FM Liberman meets with European officials in Brussels, pushes for international involvement in safeguarding Syria’s WMD; EU: No consensus yet on adding Hezbollah to terror list.
The transfer of chemical weapons from Syria to Hezbollah is a clear casus belli, and Israel will act “decisively and without hesitation or restraint,” Foreign Minister Avigdor Liberman said Tuesday.
Speaking at a press conference at the EU-Israel Association Council meeting in Brussels, Liberman said this would be “a completely different ballgame, and we hope for the understanding and cooperation of the international community.”
Liberman said the international community should get involved to prevent the possibility of using biological and chemical weapons.
Regarding Iran, Liberman said that after three rounds of negotiations in Istanbul, Baghdad and Moscow, the time has come to draw some conclusions.
“We cannot negotiate forever,” Liberman said. “The time will come when negotiations must end and action must begin. We have patience, we are waiting, we are anxiously monitoring these talks, but we also hope to see substantial results.”
Liberman’s comments came on the same day that the P5+1 and Iran renewed talks in Istanbul.
Liberman also called on the EU to place Hezbollah on the EU’s terror blacklist, saying “from our point of view it is unacceptable that Hezbollah terrorists meet and talk with western diplomats in Beirut on one hand, and pursue their terrorist activity on European soil on the other hand.”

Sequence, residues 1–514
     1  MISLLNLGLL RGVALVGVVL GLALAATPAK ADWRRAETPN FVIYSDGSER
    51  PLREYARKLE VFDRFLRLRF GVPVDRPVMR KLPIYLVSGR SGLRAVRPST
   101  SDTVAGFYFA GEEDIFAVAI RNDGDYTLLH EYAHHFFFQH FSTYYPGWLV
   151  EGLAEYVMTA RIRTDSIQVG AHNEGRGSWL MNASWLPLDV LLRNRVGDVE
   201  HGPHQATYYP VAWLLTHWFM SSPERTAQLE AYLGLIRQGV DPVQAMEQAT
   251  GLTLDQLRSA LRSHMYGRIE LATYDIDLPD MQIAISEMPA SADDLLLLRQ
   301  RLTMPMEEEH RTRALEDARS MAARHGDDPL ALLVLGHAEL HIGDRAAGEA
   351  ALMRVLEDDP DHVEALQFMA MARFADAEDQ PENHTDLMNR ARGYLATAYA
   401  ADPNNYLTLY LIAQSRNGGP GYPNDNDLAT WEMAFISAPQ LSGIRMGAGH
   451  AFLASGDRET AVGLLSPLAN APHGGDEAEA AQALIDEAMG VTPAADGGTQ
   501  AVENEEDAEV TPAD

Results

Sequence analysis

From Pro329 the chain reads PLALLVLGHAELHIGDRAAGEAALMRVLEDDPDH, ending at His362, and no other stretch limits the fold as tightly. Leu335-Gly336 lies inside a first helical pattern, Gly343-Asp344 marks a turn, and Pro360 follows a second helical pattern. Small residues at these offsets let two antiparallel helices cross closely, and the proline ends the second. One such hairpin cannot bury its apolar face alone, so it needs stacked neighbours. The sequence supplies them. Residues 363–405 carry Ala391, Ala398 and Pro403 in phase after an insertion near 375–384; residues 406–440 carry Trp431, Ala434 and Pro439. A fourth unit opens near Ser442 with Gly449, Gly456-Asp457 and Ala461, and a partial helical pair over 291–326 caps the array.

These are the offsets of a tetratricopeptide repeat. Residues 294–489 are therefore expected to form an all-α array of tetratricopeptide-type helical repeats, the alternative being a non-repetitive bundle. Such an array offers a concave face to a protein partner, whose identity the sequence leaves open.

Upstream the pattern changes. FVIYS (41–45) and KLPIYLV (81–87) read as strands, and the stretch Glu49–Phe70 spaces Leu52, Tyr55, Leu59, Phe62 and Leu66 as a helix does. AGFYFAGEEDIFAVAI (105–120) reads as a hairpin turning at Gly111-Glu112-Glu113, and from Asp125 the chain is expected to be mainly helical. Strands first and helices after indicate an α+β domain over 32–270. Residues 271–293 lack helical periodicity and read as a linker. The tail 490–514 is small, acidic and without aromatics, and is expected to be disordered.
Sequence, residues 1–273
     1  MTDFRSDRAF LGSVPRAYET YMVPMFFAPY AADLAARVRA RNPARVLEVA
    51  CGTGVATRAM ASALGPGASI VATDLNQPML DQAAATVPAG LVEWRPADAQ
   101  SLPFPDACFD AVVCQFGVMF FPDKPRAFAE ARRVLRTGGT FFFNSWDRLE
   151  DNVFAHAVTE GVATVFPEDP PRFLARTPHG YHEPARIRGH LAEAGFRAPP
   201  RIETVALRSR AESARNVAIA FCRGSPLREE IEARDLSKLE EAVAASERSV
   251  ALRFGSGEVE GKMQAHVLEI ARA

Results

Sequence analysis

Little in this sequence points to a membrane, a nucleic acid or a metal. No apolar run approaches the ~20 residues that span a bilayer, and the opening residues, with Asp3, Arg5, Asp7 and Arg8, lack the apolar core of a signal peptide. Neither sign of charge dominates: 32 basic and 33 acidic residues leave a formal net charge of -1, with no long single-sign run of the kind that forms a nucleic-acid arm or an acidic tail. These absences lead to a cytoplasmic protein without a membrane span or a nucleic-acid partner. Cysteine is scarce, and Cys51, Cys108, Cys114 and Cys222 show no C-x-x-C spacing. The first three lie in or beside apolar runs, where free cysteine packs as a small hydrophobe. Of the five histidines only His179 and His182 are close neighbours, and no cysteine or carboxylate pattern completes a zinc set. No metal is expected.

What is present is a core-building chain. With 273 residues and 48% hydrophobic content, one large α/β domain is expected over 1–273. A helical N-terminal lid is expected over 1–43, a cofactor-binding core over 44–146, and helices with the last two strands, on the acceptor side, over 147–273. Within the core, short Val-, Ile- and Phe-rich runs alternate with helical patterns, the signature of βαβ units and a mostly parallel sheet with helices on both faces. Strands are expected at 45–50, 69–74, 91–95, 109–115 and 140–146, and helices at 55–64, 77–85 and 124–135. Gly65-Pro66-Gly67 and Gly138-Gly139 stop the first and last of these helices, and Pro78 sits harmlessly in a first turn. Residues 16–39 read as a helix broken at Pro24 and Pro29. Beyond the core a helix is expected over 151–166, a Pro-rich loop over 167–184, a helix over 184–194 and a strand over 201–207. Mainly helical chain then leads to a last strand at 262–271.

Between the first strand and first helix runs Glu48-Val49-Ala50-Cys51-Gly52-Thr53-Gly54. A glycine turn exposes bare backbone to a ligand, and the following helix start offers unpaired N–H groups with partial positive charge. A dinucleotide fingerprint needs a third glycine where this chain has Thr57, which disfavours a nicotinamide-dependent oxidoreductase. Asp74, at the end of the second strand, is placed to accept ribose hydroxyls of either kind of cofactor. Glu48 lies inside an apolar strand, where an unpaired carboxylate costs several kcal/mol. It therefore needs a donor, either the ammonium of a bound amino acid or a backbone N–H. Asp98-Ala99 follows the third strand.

Erato Kozakou-Marcoullis, the foreign minister of Cyprus, which currently holds the EU’s rotating presidency, made clear to Liberman that this was not going to happen so fast.
She said that the decision to include Hezbollah on the EU’s terrorist lists requires unanimity among the EU’s 27 countries.
“The Lebanese Hezbollah comprises a political party, social services network as well as an armed wing,” she said. “Hezbollah is active in Lebanese politics, including the parliament and the government, and plays a specific role regarding the status quo in Lebanon.”
Taking this into account, she said, there is “no consensus among the EU member states for putting Hezbollah on the terrorist list of the organization. Should there be tangible evidence of Hezbollah engaging in acts of terrorism, the EU would consider listing the organization.”
Cyprus is currently holding a suspect who according to Israeli officials has admitted under interrogation to being a Hezbollah operative. He was arrested there late last month while allegedly planning an attack on Israeli tourists.
View original Jerusalem Post publication at: http://www.jpost.com/DiplomacyAndPolitics/Article.aspx?id=278700